There is a shift – from Intellectual Property to Intellectual Capital. The legal and policy regimes are looking for different ways to support, encourage, and leverage inventors. Wikis are available to global leaders, scholars, and tech experts to improve the quality of patents and protecting inventors while supporting a collaborative structure. When implemented, we have more efficient, fair, open, transparent, and better approaches.

There have been other shifts, as well. IBM has a philosophy that our employees need to be successful global citizens – to succeed on their own in the global commons, to acquire better skills, more global expertise, teaching, working with NGO's. The company now provides a 401(k) for learning, with a company match.

JG: How and where do you find your new innovative ideas? Do you use any ideation/thinking/problem solving/creativity tools/innovation software?

Mike Wing: We have Innovation Jams, and we use Thinkplace – a virtual suggestion box on the Intranet for bubbling ideas, which are peer evaluated and people take on roles as catalysts to help develop and champion ideas.

For the Jams, the collaboration is in the open (within the company). About 150,000 people participate over a 3-day period. We have a robust extraction technique for sorting through themes in real time. It helps us overcome a challenge or organizational caution or fear – once you open up the thinking of the company in a radically democratized way, such as our jams (Values Jam – aimed at the big questions; Innovation Jam for pragmatic new products; and our early jam to capture best practices), the simple idea of breaking down organizational barriers to success can be overcome. A simple idea – large companies like IBM are intractably bureaucratic, but the Jams break down the barriers – the collective intelligence of our employees formed a force of collaboration – the Jams are a way to share it, and use it for good.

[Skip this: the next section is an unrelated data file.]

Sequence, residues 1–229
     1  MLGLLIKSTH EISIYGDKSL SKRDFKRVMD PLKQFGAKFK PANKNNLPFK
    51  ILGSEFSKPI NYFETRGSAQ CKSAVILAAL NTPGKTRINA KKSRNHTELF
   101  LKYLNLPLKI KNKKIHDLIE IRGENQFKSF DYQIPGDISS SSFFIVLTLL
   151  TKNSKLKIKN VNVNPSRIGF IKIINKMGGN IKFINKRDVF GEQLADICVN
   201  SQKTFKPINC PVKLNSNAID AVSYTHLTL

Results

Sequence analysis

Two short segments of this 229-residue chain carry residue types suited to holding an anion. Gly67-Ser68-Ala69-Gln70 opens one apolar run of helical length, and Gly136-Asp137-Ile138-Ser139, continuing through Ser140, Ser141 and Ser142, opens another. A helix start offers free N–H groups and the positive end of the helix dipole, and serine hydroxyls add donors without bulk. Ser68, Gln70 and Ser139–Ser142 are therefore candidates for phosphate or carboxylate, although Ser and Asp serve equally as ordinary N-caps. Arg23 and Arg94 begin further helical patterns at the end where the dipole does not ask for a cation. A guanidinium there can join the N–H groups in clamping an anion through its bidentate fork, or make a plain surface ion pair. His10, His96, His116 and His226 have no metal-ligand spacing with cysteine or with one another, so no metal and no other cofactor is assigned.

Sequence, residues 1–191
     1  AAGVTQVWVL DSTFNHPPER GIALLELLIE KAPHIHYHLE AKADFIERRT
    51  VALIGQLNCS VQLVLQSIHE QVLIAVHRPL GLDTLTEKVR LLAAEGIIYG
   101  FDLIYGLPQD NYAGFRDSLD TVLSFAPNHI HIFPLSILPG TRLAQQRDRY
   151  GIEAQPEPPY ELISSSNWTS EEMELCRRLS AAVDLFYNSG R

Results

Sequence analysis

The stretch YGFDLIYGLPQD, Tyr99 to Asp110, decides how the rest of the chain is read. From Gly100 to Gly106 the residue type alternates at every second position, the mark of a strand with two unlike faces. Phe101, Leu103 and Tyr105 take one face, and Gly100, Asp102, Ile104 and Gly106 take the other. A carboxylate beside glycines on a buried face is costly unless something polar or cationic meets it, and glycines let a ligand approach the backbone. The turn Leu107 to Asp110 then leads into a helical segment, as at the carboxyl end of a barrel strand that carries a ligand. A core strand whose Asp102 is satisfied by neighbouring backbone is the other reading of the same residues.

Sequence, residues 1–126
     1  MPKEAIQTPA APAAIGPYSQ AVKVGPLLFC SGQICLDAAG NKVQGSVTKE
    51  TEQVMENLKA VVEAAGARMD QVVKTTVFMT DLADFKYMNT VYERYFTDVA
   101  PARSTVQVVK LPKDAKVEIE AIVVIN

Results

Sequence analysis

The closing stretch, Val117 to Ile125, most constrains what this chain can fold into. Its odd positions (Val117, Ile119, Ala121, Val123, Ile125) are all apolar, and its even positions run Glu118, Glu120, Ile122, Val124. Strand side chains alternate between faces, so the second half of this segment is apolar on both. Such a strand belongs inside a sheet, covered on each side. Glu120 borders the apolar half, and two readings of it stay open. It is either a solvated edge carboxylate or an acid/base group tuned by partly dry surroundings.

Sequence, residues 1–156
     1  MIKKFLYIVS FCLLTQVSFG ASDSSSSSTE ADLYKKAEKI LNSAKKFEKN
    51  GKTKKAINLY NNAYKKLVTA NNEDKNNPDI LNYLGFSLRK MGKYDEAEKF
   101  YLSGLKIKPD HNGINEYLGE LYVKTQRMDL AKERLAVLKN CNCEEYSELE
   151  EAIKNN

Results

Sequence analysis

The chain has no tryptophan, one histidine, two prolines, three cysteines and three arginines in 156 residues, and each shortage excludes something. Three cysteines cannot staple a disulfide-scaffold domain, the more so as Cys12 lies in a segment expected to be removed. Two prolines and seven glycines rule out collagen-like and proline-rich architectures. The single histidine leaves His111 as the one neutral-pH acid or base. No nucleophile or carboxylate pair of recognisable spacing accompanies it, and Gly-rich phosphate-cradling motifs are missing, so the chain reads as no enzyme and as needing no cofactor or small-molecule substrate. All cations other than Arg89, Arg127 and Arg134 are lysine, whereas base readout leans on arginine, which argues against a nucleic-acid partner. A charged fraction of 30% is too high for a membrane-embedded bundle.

In May, 2001, we held the World Jam. Some in the company were nervous about shaking up our model. It was not instantly easy for people to accept this new model, and there was anger and fear. But then, we reached a level of openness and authenticity that we get nowhere else. The Values Jam allowed a balanced perspective to come in. There were some who were very intensely passionate about the old IBM, who thought something precious was lost in the reinvention of the company. That's why the Values Jam and its process were very important.

The entire company came together to create our new values, including those for whom IBM and the old model were a way of life and the newer IBMers who had experienced life outside of IBM – we used the share perspectives from this jam, that were representative of the entire population of the company, to develop a set of shared values. What the new IBM-ers heard, some for the first time in their careers, was the emotional affiliation people have with this company – the employees have with this company. It was a mutual epiphany that could not have occurred in another environment.

In today's world, very few companies can engender a familial feeling and sustain it across a large bureaucracy, and most people today do not carry loyalty to their companies in the way we do here. IBM can sustain and foster that kind of environment, and the Jams help us do that. When you read over employee submissions during and after a jam, you can actually watch culture changes taking place as if you saw it in stop-frame photography. Through the Values Jam, our emotional center of gravity shifted to the positive side, with a sentiment that "this IS the company I wanted to join" – manna from heaven for our leadership!

JG: Are the jams a free-for-all, or are goals stated up front?

Mike Wing: Our Jams tend to be focused – the first was on values, then innovation, then world issues, and we hold them to help us stay in touch with where we should be heading, and to keep our employee engagement at high levels over time.

The jams and our model for them are so successful that now, we're running them for other organizations and companies – for the UN, Canada, a Habitat Jam, and the World Urban Forum.

JG: How do you rate the ideas from a jam and select those for further development?